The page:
Floor framing

Most residential floor framing systems are primarily made up of “joists,” horizontal framing members designed to span open spaces. Joists can be reinforced with “blocking” or “crush blocks” as needed, and tied together with floor sheathing.

Floor framing

Floor joists are typically arranged parallel to one another and span the length of the building. In the not-so-distant past, floor joists were made of solid lumber. Today, most residential flooring systems use engineered I-joists because of their long spans, light weights, dimensional stability, and excellent strength-to-cost ratios.

The joists on the perimeter of a building are typically called “rim joists” or “rim boards.” There is plenty of semantic variation here: some sources reserve the term “rim joist” for perimeter joists that are perpendicular to the floor joists and use the term “end joists” for perimeter joists that are parallel to the floor joists–together these are called “band joists.” I’ll stick with the catchall “rim joists” here since it seems to be the most common term. Rim joists prevent floor joists from rolling or twisting, carry loads from the walls above, and provide a strong surface to attach sheathing, siding, or other structures (like a deck or canopy) to. Because they’re load-bearing, rim joists are typically made of solid LSL or LVL engineered lumber between 1 1/8″ and 1 3/4″ thick.

A floor framing system can be strengthened with the addition of “blocking” between joists. Blocking is installed perpendicular to the floor joists on the interior of the structure, and provides additional reinforcement against rolling or twisting. Solid “crush blocks” can be added throughout the floor system wherever needed to carry heavy point loads from above to walls or posts below.

A floor system wouldn’t be complete without the subfloor (also called the floor sheathing). Subfloor is typically made of tongue-and-groove OSB or plywood. It provides a tremendous amount of bracing strength, and also serves as the base layer for the finished floor.Most residential floor framing systems are primarily made up of “joists,” horizontal framing members designed to span open spaces. Joists can be reinforced with “blocking” or “crush blocks” as needed, and tied together with floor sheathing.

Floor joists are typically arranged parallel to one another and span the length of the building. In the not-so-distant past, floor joists were made of solid lumber. Today, most residential flooring systems use engineered I-joists because of their long spans, light weights, dimensional stability, and excellent strength-to-cost ratios.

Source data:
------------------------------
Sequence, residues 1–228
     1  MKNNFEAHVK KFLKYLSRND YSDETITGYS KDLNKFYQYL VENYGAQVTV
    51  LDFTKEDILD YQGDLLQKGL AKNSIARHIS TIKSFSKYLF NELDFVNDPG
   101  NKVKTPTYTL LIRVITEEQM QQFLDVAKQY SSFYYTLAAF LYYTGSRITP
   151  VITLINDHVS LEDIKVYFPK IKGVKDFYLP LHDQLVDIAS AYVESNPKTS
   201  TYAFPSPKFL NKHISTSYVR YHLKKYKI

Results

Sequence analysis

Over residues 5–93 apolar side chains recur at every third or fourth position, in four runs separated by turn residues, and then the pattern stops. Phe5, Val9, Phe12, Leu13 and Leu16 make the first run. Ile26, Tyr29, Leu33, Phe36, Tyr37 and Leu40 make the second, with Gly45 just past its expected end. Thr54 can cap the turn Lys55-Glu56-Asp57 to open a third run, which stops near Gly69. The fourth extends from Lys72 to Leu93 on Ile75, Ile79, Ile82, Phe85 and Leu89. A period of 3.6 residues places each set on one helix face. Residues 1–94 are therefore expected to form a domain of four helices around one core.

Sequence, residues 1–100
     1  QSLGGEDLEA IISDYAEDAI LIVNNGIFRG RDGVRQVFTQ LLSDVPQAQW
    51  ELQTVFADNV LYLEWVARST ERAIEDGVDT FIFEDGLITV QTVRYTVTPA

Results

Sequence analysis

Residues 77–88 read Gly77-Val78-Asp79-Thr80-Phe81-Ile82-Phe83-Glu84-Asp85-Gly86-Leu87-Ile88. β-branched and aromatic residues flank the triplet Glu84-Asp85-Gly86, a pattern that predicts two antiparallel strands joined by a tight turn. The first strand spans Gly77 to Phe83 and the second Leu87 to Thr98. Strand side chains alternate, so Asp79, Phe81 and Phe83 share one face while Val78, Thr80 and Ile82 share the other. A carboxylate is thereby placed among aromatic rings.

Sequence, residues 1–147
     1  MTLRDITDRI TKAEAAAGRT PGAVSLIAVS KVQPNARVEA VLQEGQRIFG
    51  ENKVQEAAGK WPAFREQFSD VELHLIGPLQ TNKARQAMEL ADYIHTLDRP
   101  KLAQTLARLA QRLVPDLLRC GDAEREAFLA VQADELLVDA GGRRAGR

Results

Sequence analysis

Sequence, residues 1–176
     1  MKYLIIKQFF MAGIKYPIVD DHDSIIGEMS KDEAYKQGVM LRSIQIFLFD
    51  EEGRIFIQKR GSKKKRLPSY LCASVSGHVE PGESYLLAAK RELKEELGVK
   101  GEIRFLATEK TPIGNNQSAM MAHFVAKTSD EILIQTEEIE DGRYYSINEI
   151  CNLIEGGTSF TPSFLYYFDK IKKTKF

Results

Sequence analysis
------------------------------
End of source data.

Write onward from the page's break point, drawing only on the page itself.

The joists on the perimeter of a building are typically called “rim joists” or “rim boards.” There is plenty of semantic variation here: some sources reserve the term “rim joist” for perimeter joists that are perpendicular to the floor joists and use the term “end joists” for perimeter joists that are parallel to the floor joists–together these are called “band joists.” I’ll stick with the catchall “rim joists” here since it seems to be the most common term. Rim joists prevent floor joists from rolling or twisting, carry loads from the walls above, and provide a strong surface to attach sheathing, siding, or other structures (like a deck or canopy) to. Because they’re load-bearing, rim joists are typically made of solid LSL or LVL engineered lumber between 1 1/8″ and 1 3/4″ thick.

A floor framing system can be strengthened with the addition of “blocking” between joists. Blocking is installed perpendicular to the floor joists on the interior of the structure, and provides additional reinforcement against rolling or twisting. Solid “crush blocks” can be added throughout the floor system wherever needed to carry heavy point loads from above to walls or posts below.

A floor system wouldn’t be complete without the subfloor (also called the floor sheathing). Subfloor is typically made of tongue-and-groove OSB or plywood. It provides a tremendous amount of bracing strength, and also serves as the base layer for the finished floor.

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